Last year, a public relations student moved to New York City for an internship that only paid her travel stipend.
Wrapped up in the seemingly perfect images Instagram users display to portray their NYC lifestyles, she wanted to feel the same way – and was willing to spend whatever she had to to get there.
Relying on her savings and ignoring her student debt, she began taking out multiple credit cards and managed to save from a part-time retail job.
After ending up with US$10,000 in debt, she then blamed Instagram for distracting her with enticing advertisements, idealistic imagery and the pressure to appear wealthier than she actually was.
Is Instagram to blame for student spending habits?
With one billion monthly users, there’s no doubt that many Instagrammers are aspiring, current students and graduate students.
For Talkspace therapist Rachel O’Neill, social media can be highly addictive, “The very nature of scrolling impacts our mental health. It’s hard for anything to compete with the constant high that comes from checking for new posts, getting new likes, or being retweeted. Virtually every aspect of social media is designed to activate the pleasure centres of the brain.”
To highlight several red flags, you may have an Instagram addiction if you’re:
– Using your Instagram page to portray an alternate or desired lifestyle
– Engaging in Instagram by scrolling and ‘liking’ while in lectures or while supposed to be studying
– Losing track of time and spending hours online
– Needing to purchase new things in order to show them off to your followers
– Ignoring important work or life tasks to update your Instagram feed instead
Instagram can negatively impact your daily routine and mental well-being, it could well be the cause of overspending due to the vast amount of time it consumes.
The ways Instagram entices students to spend
By favouring a particular influencers on Instagram, students may soon find themselves copying their spending habits.
For instance, an influencer is adverting a new backpack to wear on-campus, an AI-enabled calculator to enhance your study experience, or a membership card that gets your exclusive university offers. The products seem to be endless and often lead to contagious consumer habits.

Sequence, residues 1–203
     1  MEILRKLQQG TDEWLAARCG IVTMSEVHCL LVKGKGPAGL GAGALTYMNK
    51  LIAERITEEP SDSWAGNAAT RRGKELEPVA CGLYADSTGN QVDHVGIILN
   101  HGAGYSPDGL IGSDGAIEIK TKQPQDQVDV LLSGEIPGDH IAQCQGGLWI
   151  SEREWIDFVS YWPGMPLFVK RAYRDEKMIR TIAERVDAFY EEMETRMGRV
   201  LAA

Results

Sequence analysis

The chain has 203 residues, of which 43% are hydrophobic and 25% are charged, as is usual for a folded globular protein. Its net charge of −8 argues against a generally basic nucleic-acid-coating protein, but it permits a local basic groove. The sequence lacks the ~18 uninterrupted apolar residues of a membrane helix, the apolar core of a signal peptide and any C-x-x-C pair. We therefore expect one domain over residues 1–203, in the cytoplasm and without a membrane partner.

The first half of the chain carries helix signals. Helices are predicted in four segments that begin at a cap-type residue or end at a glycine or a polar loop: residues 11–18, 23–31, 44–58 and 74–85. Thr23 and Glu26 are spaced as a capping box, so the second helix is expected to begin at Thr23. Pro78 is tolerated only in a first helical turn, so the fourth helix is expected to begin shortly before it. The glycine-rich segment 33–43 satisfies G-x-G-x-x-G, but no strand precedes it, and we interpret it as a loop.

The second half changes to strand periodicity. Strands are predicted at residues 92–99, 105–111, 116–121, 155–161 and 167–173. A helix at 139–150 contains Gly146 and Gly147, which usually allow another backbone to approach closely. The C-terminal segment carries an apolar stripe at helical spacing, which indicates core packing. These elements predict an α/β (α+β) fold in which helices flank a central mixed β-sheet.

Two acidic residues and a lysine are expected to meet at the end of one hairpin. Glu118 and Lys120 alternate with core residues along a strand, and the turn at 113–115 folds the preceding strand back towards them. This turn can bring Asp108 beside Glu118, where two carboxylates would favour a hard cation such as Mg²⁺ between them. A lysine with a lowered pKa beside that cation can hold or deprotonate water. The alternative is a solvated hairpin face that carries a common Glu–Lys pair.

University Instagram accounts will also entice students to spend by posting links to their merchandise page or selling tickets for student events.
It’s not just independent brands that try their luck – as long as students keep spending money on their promotional materials, academic institutions keep their marketing flow stable and steady.
Many brands on Instagram will target their student audience by regularly posting flashy images of their latest student discounts.
With just over 100k followers, the student offers company Unidays mischievously masks their discounts among other eye-catching images. But now and then, they’ll post advertorial images like this to catch your gaze…and your bank account details:
View this post on Instagram
❤️ WIN 2 £100 H&M VOUCHERS ❤️ We’ve teamed up with @hm to give you the chance to win a £100 voucher and give your wardrobe a refresher! All you need to do is: 1. Follow @myunidays 2. Follow @hm 3. Tag a friend in the comments It’s that easy! Terms and conditions can be found on Facebook. Competition ends 27/01.
These are just a few ways in which Instagram has the power to trap and attract students’ bank accounts.
Adding to their existing student debt, it’s a frightening and materialistic platform to get swept into.
However, its not just the companies or the influencers that are at fault – it’s also the students.
Remember, we all have the ability to tap the ‘buy’ button, so to blame Instagram may just be a scroll too far…